Favorite apps: PastePal

    I used to think the Copied clipboard manager for Apple devices was spiffy. I don’t know how or why, but that app disappeared from the Internet and the App Stores.

    PastePal seems to be its spiritual successor. It works perfectly, it syncs across devices, and the pro version is a one-time, reasonable $15 purchase. It’s the only clipboard manager I’ve found that checks all those boxes.

    Mastodon apps for iOS

    Updated: November 11, 2022

    There are several excellent Mastodon apps for iOS and iPadOS. These are the ones I’ve tried.


    • A good app is stable and (at least nearly) crash-free. This rules out a few apps I’ve tried that I’m not including here.
    • Mastodon evolves with new features like polls. The best apps are updated with support for these new features.
    • I use an iPhone and an iPad. Apps that don’t support both platforms are non-starters for me. It’s possible I could find a brilliant, flawless iOS-only app and a different iPadOS-only app and be happy with the combination, but that’s unlikely to happen. Bonus points for apps that have Mac versions.

    Here are my recommendations that mostly meet those requirements.


    I stumbled across Metatext and I’m glad I did. It feels native in ways that other apps don’t and looks beautiful on my phone and iPad. I’ve used it as my main app since its release and recommend it to all my friends. Development has slowed down recently, but it feels “finished” without any obvious bugs or missing features. If you’re bored with your current app and want to try something new, get Metatext.


    Toot! is a favorite. It’s rock solid, updated frequently, and good looking on both iPhone and iPad. I suggest this for anyone getting started with Mastodon. The sole thing I don’t love is that it doesn’t always “feel” like a native iOS app, as opposed to say an alternative web interface. I’m picking nits, though: if you stop reading and install Toot!, you’ll be fine. It’s great.

    Mast: for Mastodon

    Mast looks and feels different from the other popular apps with its multi-column layout, and I appreciate its fresh take on how a Mastodon client can work. It’s a beautiful experiment. I can’t recommend it right now because it has significant bugs, like crashes and timelines which don’t refresh even when you try to manually refresh them. Its author released a popular Twitter app, Aviary, which I suspect has been taking their attention. This means it hasn’t been updated recently and I worry that it might be abandoned. Still, Mast supports iPhone and iPad and Mac and Apple Watch, which is amazing, and I’m watching it to see if the author resumes regular development. I hope they do.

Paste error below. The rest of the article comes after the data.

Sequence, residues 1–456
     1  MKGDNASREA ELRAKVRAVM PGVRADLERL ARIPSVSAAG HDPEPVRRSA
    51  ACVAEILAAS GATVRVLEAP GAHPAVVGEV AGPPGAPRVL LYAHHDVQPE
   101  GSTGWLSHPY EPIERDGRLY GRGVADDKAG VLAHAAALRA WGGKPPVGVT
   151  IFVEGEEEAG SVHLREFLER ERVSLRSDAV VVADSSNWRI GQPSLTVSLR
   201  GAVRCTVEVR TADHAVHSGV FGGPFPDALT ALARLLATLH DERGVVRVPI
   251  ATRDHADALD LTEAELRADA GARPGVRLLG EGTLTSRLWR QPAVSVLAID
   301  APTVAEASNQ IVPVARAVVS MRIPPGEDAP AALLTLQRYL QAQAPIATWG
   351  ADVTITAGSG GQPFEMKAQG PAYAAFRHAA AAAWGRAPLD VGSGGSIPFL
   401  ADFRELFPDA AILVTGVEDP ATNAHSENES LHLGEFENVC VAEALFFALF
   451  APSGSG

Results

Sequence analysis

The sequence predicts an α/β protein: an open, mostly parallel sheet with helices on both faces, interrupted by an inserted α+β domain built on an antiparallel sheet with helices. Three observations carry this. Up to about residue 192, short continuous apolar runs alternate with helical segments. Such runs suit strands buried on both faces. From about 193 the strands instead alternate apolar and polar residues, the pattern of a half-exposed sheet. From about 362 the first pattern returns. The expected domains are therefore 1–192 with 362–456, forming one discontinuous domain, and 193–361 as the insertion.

Mercury for Mastodon

    Mercury is a gorgeous, new, native-feeling app. I think it’s going to be a good option. It’s iPhone-only today with iPad support on their published roadmap, and I’d like to see that happen because it’s already a solid alternative for people who just use an iPhone. I’m monitoring Mercury’s development, too.

    Honorable mention: Linky for Twitter and Mastodon

    Linky is for posting to Mastodon, not reading it. I use this brilliant little app for sharing links to interesting websites, photos, or songs I’m listening to. It’s scriptable with x-shortcut-url, so if you’re technically savvy you can use Shortcuts, Drafts, or other apps to post things you’ve written. If you share a lot of content to Mastodon from other apps, Linky is your friend.

    See also

    Mastodon for iPhone and iPad is the official app brought to you by the people who made Mastodon. In spite of that, it lacks (or at least hides) vital Mastodon features, such as the local timeline. It’s ok if you’re joining one of the large, generic instances like mastodon.social that don’t have meaningful local communities, but offers a substandard experience on cozier instances.

    Favorite apps: Copied

    I think Copied is the best clipboard manager available for Apple devices.

    I use Copied constantly. It lets me copy 3 different things I see on a web page, then quickly paste them into a text editor without bouncing between the two apps several times. It lets me search my history for stuff I’ve copied earlier, even if I’ve done other things since then. It’s one of the first apps I install on a new device.